Such made-up things as societies are not one thing at all, for they are all perceived differently, viewed from outside and inside. From the perspective of histories; countries, nations and what for convenience we call polities, change more than they remain the same, as do their boundaries and common relations. My brilliantly colourful mentor and much-loved party colleague Gwyn Alf Williams used to describe the state to which we currently belong as ‘The United Kingdom of Great Britain and about a half of northern Ireland’. Britain as an island, a state and a geographical and historical term first describes Brythonic peoples of Britain. The modern usage developed after John Dee who was descended from a Radnorshire family, popularised the term ‘British Empire. Great Britain originally of course had nothing to do with alleged political ‘greatness’ and was only used to distinguish it by size from Bretagne (Brittany) a region of the French state. So there is hardly any clarity about something called being British or more complicated a thing described as ‘Britishness’. This does not prevent people from asserting that this is something they choose to identify themselves with or indeed describing it as their’ identity’.

Such people who wish to assert that such and such is their identity and that it is singular rather than plural, should not seek to assert that other people who have many co-existing identities in their lives are somehow abnormal. Just as we may all have a series of affiliations in our social and family life and may play many parts and roles, so too with our affiliations as citizens.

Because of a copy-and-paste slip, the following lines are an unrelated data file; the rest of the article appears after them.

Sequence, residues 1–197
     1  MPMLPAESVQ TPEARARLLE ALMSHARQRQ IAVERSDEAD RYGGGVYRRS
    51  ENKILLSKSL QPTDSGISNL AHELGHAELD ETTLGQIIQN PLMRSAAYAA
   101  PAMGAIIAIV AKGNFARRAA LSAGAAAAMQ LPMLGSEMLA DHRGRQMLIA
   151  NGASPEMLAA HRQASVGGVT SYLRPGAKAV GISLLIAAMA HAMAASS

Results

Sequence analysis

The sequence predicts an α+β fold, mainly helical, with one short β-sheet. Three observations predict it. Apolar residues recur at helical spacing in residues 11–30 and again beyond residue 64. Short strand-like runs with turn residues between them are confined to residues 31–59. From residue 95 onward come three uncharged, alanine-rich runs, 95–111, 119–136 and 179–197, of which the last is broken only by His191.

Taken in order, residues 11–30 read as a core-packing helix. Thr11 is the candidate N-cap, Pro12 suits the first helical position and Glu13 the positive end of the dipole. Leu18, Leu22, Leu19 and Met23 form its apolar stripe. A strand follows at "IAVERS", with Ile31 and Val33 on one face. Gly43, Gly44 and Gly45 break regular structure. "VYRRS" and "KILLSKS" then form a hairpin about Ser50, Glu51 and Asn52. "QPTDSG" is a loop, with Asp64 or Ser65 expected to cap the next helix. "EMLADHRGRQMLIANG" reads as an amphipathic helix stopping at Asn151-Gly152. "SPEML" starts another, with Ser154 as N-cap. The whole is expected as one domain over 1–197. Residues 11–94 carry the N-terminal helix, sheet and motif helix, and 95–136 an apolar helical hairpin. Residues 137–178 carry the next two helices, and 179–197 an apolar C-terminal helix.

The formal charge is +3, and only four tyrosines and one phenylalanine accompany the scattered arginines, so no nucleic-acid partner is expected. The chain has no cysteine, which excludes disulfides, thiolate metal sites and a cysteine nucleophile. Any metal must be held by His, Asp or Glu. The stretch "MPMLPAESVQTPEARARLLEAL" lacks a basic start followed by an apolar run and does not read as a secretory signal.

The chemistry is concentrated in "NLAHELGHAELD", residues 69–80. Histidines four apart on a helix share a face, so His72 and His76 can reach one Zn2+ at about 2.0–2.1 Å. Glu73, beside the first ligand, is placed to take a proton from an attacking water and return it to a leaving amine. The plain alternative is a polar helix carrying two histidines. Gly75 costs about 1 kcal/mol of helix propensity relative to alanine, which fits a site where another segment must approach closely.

Just as we live and work in different places and follow different international sporting activities across the globe so too our sources of powers and decisions that affect us in different parts of our lives vary widely. We are not governed from one place but from many, and despite the attempts of ‘nationalists’ of all shades and opinion to assert that the nation (however construed) is the primary category of powers and therefore should command our chief affiliations, this is patently and increasingly no longer the case.

We are in fact governed to as greater or lesser extent in different policy areas by international agencies of the UN which increasingly take on a role in achieving binding agreements for the fragile world environment, and by EU law and administration seeking more unity of purpose in key areas such as a fiscal and an energy union. All new Welsh law has by our constitution as set out in a series of government of Wales acts to be compliant with EU as well as UK legislation and international conventions. So we need a different spatial metaphors such as mention of ‘levels’ of governance to understand how we can function most effectively as citizens of an ever-widening circle of cities, or people of simultaneously more than one polity, paying equal or variable allegiance to all, as a matter of active choice.